Tag Archive for: Olympics

Bringing Home the Gold (or the Silver Falchion)

Bringing Home the Gold (or the Silver Falchion) by Debra H

The Olympics produced many discussions from what is the
twisties to whether Americans have the wrong mindset in terms of medals. The
reality is that we celebrate winning the gold, but don’t have the same excitement
for silver or bronze. Who ever saw a bronze medalist on the “Breakfast of
Champions” Wheaties box?


An August 9, 2012, Scientific American article, “Why Bronze
Medalists are Happier Than Silver Medalists,” noted that both silver and bronze
medalists focus on what might have been. The silver medalist frets about how
close to winning the individual came and consequently is disappointed. The
bronze medalist is happier because that winner’s comparison is the person who
finished fourth-out of medal contention. The thrill for the bronze medalist is having
squeaked through with a medal victory.


As a semi-finalist for the 2021 Silver Falchion cozy award
for Three Bites Too Many, the third book in

Kensington’s Sarah Blair mystery
series about a woman who is more frightened of the kitchen than murder, I am
excited. I’d like to win, but I’m honest enough to admit that I’m in good
company in the cozy heat. Tina deBellegarde, Kay DiBianca, Bonita Y. McCoy,
Lori Robbins, Colleen J. Shogan, Maggie Toussaint, Cathy Tully, Becki Willis,
and Lois Winston are all tough and worthy contenders. I’d love to hear the
Killer Nashville announcer call out “Debra H. Goldstein,” but I think any of us
should consider ourselves gold medalists. Why? Because somewhere and sometime
this past year, the books we are nominated for brought readers joy. A medal
would be nice, but what’s better than touching other people by giving them a
few hours of fun and escape from their daily lives? What do you think?



Olympic Skates

Like many sports fans last week, our TV was tuned to the Olympics. Gymnasts, swimmers, divers, track-and-fielders. Such amazing athletes! This year, for the first time, we also watched skateboarding.

Skateboarding may not strike purists an Olympic-worthy sport, but I can understand how the hobby— embraced for decades by renegade spirits of all ages—made it through the international committee that decides such things. Perhaps it went something like this: “Well, we’ve got snowboarding in winter, so…”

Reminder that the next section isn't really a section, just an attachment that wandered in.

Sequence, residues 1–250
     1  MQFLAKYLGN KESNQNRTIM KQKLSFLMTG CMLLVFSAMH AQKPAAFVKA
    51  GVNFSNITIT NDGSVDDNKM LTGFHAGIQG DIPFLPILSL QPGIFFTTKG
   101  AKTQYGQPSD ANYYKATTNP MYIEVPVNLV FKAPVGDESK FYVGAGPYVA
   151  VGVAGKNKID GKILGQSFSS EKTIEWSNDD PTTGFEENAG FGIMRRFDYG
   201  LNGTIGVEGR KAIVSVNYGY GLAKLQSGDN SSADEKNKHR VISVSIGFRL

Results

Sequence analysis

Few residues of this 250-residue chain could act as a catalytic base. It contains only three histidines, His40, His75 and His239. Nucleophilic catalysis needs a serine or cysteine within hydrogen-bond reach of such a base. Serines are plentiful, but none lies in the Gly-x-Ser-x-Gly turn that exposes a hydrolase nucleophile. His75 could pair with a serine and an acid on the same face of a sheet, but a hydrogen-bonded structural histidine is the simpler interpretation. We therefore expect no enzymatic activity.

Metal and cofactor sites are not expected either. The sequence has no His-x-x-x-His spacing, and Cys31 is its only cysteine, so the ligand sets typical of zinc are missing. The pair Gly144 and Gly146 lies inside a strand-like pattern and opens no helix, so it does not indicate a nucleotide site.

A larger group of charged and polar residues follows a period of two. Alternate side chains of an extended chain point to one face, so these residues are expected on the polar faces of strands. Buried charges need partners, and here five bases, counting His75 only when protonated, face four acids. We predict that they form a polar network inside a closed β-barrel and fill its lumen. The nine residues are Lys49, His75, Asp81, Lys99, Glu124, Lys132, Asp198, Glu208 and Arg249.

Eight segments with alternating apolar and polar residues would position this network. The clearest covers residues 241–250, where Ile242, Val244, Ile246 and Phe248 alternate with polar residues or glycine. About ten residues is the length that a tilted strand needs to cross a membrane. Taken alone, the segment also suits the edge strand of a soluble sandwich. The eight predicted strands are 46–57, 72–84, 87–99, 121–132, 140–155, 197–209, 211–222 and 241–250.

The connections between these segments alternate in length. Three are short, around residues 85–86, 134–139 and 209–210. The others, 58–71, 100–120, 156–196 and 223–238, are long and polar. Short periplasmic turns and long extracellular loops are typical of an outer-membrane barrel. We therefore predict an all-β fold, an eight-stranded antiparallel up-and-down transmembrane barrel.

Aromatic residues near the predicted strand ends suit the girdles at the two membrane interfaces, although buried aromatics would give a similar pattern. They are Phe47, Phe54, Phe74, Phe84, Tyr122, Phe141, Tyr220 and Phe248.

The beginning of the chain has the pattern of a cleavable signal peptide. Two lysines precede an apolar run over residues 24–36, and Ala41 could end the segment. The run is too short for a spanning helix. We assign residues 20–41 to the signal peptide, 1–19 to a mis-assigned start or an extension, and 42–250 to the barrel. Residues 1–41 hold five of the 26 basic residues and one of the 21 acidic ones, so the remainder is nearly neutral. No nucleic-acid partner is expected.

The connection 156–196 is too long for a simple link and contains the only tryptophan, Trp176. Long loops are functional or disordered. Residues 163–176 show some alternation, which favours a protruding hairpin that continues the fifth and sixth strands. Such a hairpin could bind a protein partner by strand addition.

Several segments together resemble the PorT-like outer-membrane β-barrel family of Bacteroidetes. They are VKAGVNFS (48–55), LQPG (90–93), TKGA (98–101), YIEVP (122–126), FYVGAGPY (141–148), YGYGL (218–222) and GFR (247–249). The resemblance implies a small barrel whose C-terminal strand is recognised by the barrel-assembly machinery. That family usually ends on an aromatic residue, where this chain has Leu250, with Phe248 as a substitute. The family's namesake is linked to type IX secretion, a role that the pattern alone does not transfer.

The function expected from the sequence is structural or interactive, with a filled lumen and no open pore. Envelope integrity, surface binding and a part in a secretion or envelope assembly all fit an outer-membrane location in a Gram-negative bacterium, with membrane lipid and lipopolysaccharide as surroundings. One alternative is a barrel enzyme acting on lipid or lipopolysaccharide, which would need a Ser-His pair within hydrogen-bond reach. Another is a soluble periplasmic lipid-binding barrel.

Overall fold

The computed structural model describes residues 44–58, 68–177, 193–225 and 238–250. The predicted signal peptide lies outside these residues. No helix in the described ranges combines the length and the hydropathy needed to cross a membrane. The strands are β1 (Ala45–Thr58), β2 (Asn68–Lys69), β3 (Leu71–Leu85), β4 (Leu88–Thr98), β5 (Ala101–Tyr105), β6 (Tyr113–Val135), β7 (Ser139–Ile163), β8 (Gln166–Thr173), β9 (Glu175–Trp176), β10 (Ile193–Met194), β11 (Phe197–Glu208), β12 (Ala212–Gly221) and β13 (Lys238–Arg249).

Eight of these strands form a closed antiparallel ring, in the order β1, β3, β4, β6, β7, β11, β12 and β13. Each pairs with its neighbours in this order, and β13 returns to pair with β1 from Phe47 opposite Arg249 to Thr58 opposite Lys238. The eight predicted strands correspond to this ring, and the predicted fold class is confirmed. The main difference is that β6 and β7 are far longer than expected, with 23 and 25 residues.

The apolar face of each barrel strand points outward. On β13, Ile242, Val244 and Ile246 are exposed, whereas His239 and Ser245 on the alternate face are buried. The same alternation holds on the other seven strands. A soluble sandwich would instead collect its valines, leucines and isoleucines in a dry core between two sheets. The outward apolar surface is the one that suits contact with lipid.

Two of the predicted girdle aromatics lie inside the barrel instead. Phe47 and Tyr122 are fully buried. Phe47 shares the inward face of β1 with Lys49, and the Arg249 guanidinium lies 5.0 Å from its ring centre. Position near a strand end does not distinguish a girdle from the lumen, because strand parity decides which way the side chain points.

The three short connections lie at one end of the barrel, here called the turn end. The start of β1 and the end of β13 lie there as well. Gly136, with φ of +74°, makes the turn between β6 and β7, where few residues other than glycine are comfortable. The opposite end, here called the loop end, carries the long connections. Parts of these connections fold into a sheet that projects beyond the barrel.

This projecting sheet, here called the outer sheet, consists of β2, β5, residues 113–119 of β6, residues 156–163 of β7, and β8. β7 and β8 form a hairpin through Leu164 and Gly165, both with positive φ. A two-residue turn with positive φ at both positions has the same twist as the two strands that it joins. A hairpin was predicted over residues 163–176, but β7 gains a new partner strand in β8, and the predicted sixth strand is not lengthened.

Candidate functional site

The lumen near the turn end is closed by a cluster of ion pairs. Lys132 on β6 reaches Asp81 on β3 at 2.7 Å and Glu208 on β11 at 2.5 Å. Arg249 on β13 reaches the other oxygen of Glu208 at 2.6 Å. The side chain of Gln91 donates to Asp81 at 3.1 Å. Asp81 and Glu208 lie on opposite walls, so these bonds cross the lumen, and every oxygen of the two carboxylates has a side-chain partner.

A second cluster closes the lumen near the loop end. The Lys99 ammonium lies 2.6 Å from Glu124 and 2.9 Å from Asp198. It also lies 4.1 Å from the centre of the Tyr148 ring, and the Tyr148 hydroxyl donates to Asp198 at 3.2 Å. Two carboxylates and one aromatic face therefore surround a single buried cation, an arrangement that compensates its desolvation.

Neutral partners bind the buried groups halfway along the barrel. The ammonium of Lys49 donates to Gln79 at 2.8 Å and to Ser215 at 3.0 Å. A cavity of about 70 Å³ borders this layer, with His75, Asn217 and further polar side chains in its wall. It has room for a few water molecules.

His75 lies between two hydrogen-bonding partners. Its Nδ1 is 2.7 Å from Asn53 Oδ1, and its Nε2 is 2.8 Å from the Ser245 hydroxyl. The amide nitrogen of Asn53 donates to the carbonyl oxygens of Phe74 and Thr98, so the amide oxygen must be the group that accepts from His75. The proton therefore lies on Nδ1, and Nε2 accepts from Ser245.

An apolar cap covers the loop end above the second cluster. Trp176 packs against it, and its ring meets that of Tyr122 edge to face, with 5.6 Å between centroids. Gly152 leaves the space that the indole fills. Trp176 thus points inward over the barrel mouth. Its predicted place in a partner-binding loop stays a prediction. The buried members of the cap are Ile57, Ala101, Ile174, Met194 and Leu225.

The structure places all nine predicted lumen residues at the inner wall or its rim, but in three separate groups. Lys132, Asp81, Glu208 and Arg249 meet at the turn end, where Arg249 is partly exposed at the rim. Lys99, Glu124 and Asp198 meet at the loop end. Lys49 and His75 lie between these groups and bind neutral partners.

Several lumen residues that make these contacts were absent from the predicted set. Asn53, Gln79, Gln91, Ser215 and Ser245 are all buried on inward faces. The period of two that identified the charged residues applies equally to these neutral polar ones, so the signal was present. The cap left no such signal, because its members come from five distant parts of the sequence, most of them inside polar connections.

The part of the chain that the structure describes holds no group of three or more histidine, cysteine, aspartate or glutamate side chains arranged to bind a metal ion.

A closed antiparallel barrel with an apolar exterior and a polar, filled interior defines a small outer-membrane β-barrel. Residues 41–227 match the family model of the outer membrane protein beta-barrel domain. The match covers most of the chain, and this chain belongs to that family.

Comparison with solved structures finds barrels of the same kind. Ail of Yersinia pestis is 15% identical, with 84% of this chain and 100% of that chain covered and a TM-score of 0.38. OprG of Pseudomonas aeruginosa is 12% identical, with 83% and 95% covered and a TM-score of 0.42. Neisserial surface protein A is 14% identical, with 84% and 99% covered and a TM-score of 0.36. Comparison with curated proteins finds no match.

This year’s event aired just in time to put the finishing touches on a scene in my next mystery. In researching the sport, I’ve learned a few bits of language that thrashers (skateboarders) speak—like grind, ollie, and tail-grab five-forty—as they zoom around a skatepark’s cradles and bowls.

Here’s a peek at that scene: 

He leaped into the bowl, flipped his board with his feet, reconnected to it in mid air, zipped down to the bottom and up another slope, gaining speed as he went. On his last approach to the top, his feet left the board and he went airborne, flipped upside down and still somehow managed to reconnect feet to board and land the trick. Someone shouted, “Rip it up, Skeeter!” The crowd went crazy.

After watching eleven- and twelve-year-old girls compete for an Olympic medal in Tokyo, a different skateboard scene, this one in The Body Next Door, popped into my head. (Five years on, I forgot I’d written it!) Instead of a skatepark, it’s set in the parking garage of a high-rise where Samantha Newman watches the forlorn ten-year-old Lizzie Mason struggle to teach herself how to ride her big brother’s cast-off board.

That scene led me to remember another one from the book, one that features Krav Maga, which is a perfect sport for the Olympics. Invented by the Israeli military, and adopted by law enforcement organizations around the world, it’s a form of hand to hand combat in which you learn to neutralize an assailant (or unruly criminal) as quickly as possible. No weapon needed. In my novel, however, the self defense system dissolves into a silly pillow fight between Samantha and the ever-elusive Carter Chapman. While it could be said that their attraction to one another is of Olympic proportions, we shall save that conversation for another day. 😉